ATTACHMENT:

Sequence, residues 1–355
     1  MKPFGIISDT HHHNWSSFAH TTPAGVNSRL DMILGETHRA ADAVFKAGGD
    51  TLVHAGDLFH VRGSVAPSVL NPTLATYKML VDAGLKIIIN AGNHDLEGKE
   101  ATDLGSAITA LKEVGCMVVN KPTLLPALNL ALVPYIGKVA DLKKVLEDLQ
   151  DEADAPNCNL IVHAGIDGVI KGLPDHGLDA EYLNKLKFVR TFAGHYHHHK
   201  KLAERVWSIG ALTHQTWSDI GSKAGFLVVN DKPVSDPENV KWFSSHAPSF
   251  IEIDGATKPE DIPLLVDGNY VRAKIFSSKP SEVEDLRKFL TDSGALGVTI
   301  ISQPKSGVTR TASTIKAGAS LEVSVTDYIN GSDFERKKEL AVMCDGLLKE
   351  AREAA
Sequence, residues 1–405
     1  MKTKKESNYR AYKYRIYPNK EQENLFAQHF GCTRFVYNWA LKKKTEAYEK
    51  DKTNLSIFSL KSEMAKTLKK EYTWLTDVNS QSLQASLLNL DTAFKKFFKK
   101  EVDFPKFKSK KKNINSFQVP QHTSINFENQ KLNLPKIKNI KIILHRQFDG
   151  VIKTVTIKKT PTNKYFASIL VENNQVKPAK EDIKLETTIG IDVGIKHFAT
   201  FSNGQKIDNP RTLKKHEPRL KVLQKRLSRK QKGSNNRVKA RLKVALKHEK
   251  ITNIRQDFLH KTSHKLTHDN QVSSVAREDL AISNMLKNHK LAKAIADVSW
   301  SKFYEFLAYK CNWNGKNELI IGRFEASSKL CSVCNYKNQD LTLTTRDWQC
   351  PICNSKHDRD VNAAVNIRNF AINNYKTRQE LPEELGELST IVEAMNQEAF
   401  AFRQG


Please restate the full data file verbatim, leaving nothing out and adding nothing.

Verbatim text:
Sequence, residues 1–355
     1  MKPFGIISDT HHHNWSSFAH TTPAGVNSRL DMILGETHRA ADAVFKAGGD
    51  TLVHAGDLFH VRGSVAPSVL NPTLATYKML VDAGLKIIIN AGNHDLEGKE
   101  ATDLGSAITA LKEVGCMVVN KPTLLPALNL ALVPYIGKVA DLKKVLEDLQ
   151  DEADAPNCNL IVHAGIDGVI KGLPDHGLDA EYLNKLKFVR TFAGHYHHHK
   201  KLAERVWSIG ALTHQTWSDI GSKAGFLVVN DKPVSDPENV KWFSSHAPSF
   251  IEIDGATKPE DIPLLVDGNY VRAKIFSSKP SEVEDLRKFL TDSGALGVTI
   301  ISQPKSGVTR TASTIKAGAS LEVSVTDYIN GSDFERKKEL AVMCDGLLKE
   351  AREAA
Sequence, residues 1–405
     1  MKTKKESNYR AYKYRIYPNK EQENLFAQHF GCTRFVYNWA LKKKTEAYEK
    51  DKTNLSIFSL KSEMAKTLKK EYTWLTDVNS QSLQASLLNL DTAFKKFFKK
   101  EVDFPKFKSK KKNINSFQVP QHTSINFENQ KLNLPKIKNI KIILHRQFDG
   151  VIKTVTIKKT PTNKYFASIL VENNQVKPAK EDIKLETTIG IDVGIKHFAT
   201  FSNGQKIDNP RTLKKHEPRL KVLQKRLSRK QKGSNNRVKA RLKVALKHEK
   251  ITNIRQDFLH KTSHKLTHDN QVSSVAREDL AISNMLKNHK LAKAIADVSW
   301  SKFYEFLAYK CNWNGKNELI IGRFEASSKL CSVCNYKNQD LTLTTRDWQC
   351  PICNSKHDRD VNAAVNIRNF AINNYKTRQE LPEELGELST IVEAMNQEAF
   401  AFRQG